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Описание презентации Neologisms and archaisms Coloured and neutral words Word по слайдам
Neologisms and archaisms Coloured and neutral words Word origin groups Lecture 14.
§ 1. Neologisms and Achaisms Language as an adaptive system undergoes modifications in function and structure so as to be fit for a new use, a new environment or a new situation. New names come into being and older names ceases to be used. Neologism is a newly coined word or phrase or a new meaning for an existing word, or a word borrowed from another language to name new things or an existing thing irrespective of their scale of importance. Popular patterns: 1) Composition (retail elephant, N+ mad or N+ happy or N+ friendly power-mad, money-mad, speed-mad, movie-mad auto-happy, trigger-happy, computer-friendly, alcohol-friendly, environment-friendly 2) shortening, blending wordrobe=vocabulary, a vator= elevator , sarcastrophe, sexaholic, BFE (b eyond Fu**ing Egypt ) =v ery far away ) 3) new meanings spam – a trademark for canned meat → electronic junk mail 4) Other types of word-formation
Examples – Guess What? a netizen a person who spends an excessive amount of time on the Internet. to whatever To dismiss or ignore. Desire to dismiss. snail mail The standard system of physical mail delivery in contrast to electronic mail an emoticon A symbol, usually found in e-mail messages, made up of punctuation marks that resembles a human expression. a pooper-scooper An instrument comprised of a scooping device on a long pole used for the collection of animal waste matter cords A garment or article of clothing made of corduroy fabric. Clues for the meaning: • context • morphological structure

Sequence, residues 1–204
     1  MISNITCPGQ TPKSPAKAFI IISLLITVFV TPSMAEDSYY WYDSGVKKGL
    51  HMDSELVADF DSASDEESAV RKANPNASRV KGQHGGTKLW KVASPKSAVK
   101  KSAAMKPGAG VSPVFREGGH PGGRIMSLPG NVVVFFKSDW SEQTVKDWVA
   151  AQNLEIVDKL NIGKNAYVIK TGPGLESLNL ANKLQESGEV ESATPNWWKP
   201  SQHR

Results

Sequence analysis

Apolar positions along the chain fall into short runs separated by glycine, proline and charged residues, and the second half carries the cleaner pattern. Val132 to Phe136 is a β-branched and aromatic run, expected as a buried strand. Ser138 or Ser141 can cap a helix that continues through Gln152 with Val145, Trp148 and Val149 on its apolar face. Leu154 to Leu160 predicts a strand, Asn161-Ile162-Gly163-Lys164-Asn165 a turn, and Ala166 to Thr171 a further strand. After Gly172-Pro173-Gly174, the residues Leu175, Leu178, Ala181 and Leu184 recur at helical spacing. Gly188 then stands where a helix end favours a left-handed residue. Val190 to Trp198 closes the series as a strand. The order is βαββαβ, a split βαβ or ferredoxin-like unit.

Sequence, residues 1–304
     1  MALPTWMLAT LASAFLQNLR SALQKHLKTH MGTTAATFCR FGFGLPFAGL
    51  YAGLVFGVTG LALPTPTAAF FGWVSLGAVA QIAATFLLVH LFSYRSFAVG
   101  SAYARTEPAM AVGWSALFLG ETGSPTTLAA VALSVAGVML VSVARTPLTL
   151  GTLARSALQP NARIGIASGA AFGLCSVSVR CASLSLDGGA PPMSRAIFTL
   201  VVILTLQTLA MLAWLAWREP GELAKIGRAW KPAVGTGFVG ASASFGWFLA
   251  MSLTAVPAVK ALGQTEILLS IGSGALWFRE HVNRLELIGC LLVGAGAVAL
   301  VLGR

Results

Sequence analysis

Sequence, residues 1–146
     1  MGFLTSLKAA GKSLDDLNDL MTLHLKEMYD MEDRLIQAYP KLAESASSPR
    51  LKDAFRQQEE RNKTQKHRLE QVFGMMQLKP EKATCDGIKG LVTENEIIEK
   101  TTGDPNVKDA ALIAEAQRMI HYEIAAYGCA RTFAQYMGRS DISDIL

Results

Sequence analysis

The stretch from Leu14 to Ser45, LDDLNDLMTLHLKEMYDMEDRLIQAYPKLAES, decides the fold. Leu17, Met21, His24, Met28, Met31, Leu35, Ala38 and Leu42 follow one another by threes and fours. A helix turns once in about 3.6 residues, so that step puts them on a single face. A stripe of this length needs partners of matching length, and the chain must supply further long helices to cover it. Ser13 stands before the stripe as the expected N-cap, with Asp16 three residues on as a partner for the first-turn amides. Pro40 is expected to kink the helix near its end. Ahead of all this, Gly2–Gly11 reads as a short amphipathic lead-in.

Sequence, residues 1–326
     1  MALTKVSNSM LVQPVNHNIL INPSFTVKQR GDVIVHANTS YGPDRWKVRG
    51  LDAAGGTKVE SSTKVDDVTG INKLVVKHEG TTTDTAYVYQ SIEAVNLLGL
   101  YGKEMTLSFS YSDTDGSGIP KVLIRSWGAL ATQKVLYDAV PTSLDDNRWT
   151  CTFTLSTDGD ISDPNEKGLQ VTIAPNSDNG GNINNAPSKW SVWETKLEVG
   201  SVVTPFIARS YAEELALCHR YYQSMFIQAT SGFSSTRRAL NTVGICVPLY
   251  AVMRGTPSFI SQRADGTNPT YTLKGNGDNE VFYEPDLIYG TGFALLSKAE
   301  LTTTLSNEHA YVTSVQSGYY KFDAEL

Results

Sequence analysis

Archaisms are words that were once common but are now replaced by synonyms. On becoming rare they acquire a lofty poetic tinge due to their ancient flavour, and then they are associated with poetic speech. aught (n) — anything, whatever; betwixt (prp) – between; a billow – wave; to chide — to scold; a damsels — a noble girl; ere (prp) – before; forbears (n) – ancestors; hapless (adj) — unlucky, to hark – listen; morn (n) – morning. A hist ог ism is a name for the thing which is no longer used. Names of horse-drawn carriages: brougham, calash, diligence, fly, gig, hansom, phaeton
§ 2. Coloured vs. neutral words. Providing information is not the only function of speech, speakers can also seek to express emotions, approval, show their attitude towards the audience and state their social background through speech. Types of coloured lexical units (emotional, expressive, evaluative and stylistic): 1) Emotive (emotional) speech on lexical level is characterized by: words with emotional connotation which is the power to evoke or directly express feelings as a result of long use in emotional contexts. The referent of such words are connected with emotions. to be beastly mean about something, a glorious idea, a lovely drink, a rotten business Interjections are typical emotive lexemes; they express emotions without naming them: Heavens! Hell! Nonsense! Pooh! words with diminutive and derogatory affixes : daddy, dearie, babykins, blackie, oldie and their syntactical variants: little chap, old fellow, poor devil emotional nonce-words are created in angry or jocular back-chat by transforming whole phrases into verbs to express irritation or mockery «How on earth? » — “Don’t begin how-on-earthing!” «Oh, bloody hell!» – “You don’t bloody-hell here”. an interaction of syntactic and lexical means a devil of a time, a deuce of a price, a hell of a success, a peach of a car, an absolute jewel of a report, a mere button of a nose